John Neff - Low PE Investor

While known as the manager with whom many top managers entrusted their own money, Neff was far from the smooth-talking, high-profile Wall Streeter you might expect. He was mild-mannered and low-key, and the same might be said of the Windsor Fund that he managed for more than three decades. In fact, Neff himself described the fund as "relatively prosaic, dull, [and] conservative." There was nothing dull about his results, however. From 1964 to 1995, Neff guided Windsor to a 13.7 percent average annual return, easily outpacing the S&P 500's 10.6 percent return during that time. That 3.1 percentage point difference is huge over time -- a $10,000 investment in Windsor (with dividends reinvested) at the start of Neff's tenure would have ended up as more than $564,000 by the time he retired, more than twice what the same investment in the S&P would have yielded (about $233,000). Considering the length of his tenure, that track record may be the best ever for a manager of such a large fund.
*Note: Our guru strategies are based on our interpretation of the published strategies of the gurus we follow. They are not personally endorsed by the gurus. Full Disclaimer

Since 2004, this portfolio has returned 204.0%, outperforming the market by 55.9% using its optimal tax efficient rebalancing period and 10 stock portfolio size.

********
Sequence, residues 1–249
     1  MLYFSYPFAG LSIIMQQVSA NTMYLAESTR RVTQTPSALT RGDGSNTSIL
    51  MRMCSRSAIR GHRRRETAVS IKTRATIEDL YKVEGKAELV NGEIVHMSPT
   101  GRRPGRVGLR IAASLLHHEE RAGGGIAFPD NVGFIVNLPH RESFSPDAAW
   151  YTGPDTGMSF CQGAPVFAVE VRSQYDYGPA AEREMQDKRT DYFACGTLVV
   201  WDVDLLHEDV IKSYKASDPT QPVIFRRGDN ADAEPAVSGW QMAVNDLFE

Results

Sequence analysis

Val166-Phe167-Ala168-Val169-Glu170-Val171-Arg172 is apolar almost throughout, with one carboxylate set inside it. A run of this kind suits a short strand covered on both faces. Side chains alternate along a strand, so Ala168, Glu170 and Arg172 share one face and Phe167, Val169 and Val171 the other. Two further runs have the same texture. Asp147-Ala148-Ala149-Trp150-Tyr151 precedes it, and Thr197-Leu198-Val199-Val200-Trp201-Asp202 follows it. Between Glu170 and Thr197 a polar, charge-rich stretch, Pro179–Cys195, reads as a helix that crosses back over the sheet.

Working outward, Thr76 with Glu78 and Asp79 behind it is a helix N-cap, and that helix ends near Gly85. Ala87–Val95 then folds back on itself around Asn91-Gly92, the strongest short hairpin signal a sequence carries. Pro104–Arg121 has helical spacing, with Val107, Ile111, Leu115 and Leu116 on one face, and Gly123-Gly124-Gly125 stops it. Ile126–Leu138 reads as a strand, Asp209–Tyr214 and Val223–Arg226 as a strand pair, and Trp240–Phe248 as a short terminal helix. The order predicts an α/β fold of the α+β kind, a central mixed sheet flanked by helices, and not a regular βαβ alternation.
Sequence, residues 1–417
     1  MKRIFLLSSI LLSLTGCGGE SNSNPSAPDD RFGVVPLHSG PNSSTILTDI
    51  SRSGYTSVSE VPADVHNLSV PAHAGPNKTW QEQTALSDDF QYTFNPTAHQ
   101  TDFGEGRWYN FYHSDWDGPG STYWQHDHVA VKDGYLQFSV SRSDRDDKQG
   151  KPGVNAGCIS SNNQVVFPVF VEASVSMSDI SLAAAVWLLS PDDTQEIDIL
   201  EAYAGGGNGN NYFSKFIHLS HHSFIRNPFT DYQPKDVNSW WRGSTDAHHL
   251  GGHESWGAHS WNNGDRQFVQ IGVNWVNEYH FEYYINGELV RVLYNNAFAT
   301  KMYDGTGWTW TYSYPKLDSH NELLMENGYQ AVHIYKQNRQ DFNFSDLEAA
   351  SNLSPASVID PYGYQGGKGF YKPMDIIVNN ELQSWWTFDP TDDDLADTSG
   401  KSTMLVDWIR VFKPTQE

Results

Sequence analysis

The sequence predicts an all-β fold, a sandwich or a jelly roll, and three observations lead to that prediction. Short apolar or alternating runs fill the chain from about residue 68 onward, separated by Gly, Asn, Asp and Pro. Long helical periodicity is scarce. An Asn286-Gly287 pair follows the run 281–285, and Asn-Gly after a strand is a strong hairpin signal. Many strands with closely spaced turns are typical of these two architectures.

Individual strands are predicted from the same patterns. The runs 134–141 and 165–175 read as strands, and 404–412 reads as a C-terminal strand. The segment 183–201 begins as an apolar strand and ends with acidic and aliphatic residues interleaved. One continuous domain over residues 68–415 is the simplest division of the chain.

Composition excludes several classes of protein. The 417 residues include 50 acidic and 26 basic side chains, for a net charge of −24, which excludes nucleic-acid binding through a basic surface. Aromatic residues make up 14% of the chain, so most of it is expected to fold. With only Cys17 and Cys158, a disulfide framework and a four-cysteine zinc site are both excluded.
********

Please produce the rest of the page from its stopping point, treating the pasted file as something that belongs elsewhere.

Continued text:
Get the Top Ten Rated Stocks Using This Model

Get Started
Low PE
S&P 500

John Neff - Low PE Investor

Validea used the investment strategy outlined in the book John Neff on Investing written by John Neff to create our Low PE Investor portfolio.

Neff's approach was "relatively prosaic" and "dull" because it focused on the market's unloved. Neff identified these stocks using the price/earnings ratio, seeking stocks with P/Es that were between 40 to 60 percent of the market average. From this group, he looked for firms with steady, sustainable EPS growth (between 7 percent and 20 percent per year, and driven by sales growth), as well as positive free cash flows. He also used what he called the "total return/PE" ratio, which combined a stock's growth rate and dividend yield and divided that by its P/E ratio to find good values. The variable underscored Neff's belief that strong dividends were an often-overlooked part of how investors could beat the market.

Start Your Risk-Free Trial

Sign Up Today